Article takes aim at Georgia's welfare policy

8:33 PM, Dec 28, 2012   |    comments
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(WXIA) -- It's been re-Tweeted 700 times and liked on Facebook 7,000 times: a scathing article on the left-leaning political site called "Georgia's Hunger Games".

The article, written by Neil deMause, spends nearly 4,000 words describing how the Peach State "declared war on its poorest citizens" and has one of the lowest percentages in the country of people in poverty actually receiving financial help.

Said deMause in an interview via Skype Friday, "The case workers, who are supposed to be telling people what benefits are available to them, their job has been instead to get people out the door without applying, by any means necessary."

Of course, there is a huge philosophical debate in this country about how to handle rising poverty rates and, quite simply, how much government help to give those in poverty. In the Slate piece, deMause says Georgia's state government -- specifically the Department of Human Services -- has gone beyond the standard tactics, taking part in "creative bookkeeping", "keeping [those in need] from getting benefits," and doing whatever possible to "slam the door in the face of the state's neediest".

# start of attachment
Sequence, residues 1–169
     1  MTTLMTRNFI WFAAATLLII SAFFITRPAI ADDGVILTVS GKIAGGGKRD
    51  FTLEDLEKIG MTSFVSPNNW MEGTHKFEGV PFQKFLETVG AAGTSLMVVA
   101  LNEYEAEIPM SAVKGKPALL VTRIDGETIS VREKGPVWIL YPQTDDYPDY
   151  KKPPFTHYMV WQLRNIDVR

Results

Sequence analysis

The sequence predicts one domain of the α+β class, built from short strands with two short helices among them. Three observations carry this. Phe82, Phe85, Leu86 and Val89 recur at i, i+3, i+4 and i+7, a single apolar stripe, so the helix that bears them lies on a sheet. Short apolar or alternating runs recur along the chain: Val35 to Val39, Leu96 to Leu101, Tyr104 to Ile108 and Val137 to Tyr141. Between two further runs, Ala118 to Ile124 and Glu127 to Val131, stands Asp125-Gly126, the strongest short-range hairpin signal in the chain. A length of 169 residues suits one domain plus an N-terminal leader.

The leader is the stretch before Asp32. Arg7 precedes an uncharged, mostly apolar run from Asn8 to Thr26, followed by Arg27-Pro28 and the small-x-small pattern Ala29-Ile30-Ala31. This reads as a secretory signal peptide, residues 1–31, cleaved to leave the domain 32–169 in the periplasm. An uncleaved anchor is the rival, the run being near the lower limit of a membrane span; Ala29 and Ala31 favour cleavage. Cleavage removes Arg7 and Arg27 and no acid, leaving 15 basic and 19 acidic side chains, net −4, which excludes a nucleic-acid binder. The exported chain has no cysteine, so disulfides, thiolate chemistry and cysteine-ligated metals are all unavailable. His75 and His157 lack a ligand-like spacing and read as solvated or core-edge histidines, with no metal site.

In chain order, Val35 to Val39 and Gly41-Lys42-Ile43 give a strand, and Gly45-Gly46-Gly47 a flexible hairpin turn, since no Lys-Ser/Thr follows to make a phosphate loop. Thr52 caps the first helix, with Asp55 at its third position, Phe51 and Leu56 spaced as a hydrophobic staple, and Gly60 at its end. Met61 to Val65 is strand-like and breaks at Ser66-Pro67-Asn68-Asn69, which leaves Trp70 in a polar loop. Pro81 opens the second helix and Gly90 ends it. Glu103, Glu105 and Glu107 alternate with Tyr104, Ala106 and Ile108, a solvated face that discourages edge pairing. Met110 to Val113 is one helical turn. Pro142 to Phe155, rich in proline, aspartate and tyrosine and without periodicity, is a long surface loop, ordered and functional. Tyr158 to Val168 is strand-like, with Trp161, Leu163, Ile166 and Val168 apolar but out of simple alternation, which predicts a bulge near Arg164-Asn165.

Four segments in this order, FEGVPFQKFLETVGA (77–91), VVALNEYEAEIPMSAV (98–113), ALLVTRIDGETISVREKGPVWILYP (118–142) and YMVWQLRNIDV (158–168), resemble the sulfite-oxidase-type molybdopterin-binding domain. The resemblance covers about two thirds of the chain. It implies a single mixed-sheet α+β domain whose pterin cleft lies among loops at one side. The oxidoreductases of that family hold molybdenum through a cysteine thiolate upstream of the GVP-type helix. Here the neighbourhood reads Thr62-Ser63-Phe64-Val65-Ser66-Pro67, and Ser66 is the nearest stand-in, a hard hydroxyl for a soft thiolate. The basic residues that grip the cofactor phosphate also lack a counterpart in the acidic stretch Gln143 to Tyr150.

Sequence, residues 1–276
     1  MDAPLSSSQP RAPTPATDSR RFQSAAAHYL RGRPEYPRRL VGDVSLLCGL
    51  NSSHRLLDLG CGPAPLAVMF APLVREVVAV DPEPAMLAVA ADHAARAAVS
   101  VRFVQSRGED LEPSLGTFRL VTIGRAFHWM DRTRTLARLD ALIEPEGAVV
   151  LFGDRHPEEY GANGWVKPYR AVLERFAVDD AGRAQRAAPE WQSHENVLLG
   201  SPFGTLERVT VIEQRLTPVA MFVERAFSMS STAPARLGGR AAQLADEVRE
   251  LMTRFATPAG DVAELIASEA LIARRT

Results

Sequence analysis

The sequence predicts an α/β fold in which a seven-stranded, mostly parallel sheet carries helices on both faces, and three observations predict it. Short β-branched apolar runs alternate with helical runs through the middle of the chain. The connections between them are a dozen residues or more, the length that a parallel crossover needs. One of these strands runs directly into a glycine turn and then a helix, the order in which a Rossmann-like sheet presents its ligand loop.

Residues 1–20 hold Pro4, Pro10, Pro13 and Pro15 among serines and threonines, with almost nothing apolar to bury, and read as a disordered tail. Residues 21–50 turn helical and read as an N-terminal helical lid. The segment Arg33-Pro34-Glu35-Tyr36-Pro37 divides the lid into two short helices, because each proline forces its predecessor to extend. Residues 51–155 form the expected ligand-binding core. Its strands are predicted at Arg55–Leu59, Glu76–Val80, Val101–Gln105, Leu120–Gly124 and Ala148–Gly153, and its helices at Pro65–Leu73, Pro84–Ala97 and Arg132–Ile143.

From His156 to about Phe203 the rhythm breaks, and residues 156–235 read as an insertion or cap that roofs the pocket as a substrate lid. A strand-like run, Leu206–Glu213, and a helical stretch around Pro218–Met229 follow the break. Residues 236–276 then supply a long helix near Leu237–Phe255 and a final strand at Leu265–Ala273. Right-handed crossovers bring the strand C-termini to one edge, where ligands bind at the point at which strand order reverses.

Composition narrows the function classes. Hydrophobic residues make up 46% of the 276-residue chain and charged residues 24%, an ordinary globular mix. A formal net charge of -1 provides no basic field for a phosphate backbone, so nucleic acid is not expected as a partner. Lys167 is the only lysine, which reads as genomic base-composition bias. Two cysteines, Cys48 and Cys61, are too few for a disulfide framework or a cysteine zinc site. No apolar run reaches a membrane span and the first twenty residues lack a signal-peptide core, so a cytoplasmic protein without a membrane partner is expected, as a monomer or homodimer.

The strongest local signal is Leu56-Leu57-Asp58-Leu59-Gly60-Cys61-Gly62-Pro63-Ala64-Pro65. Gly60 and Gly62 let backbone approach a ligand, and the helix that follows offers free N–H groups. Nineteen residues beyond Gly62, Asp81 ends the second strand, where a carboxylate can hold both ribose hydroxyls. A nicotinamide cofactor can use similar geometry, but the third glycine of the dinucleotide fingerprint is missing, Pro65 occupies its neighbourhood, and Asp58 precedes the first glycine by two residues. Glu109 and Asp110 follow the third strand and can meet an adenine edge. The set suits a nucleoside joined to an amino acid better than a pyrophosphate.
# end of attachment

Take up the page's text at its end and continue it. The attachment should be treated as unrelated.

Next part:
"There's definitely a lot of funny business going on in Georgia," said deMause over Skype. "I don't know that any of it's illegal, technically, but it's definitely bending the rules."

The article cites a study earlier this year from the Georgia Budget and Policy Institute that illustrated some of the state's tactics. A study showed the state received $330 million for FY 2013 in federal temporary assistance funds, or TANF funds, to give to needy families. However, the state only used 57% of those funds on other measures, filling holes in the state budget for services like child welfare.

"A lot of the funding went to child protective services and child welfare, which are incredibly important," said GBPI executive director Alan Essig. "But instead of using state funds, they cut state funds and used TANF funds instead."

Our calls and e-mails Friday to the Department of Human Services went un-returned.

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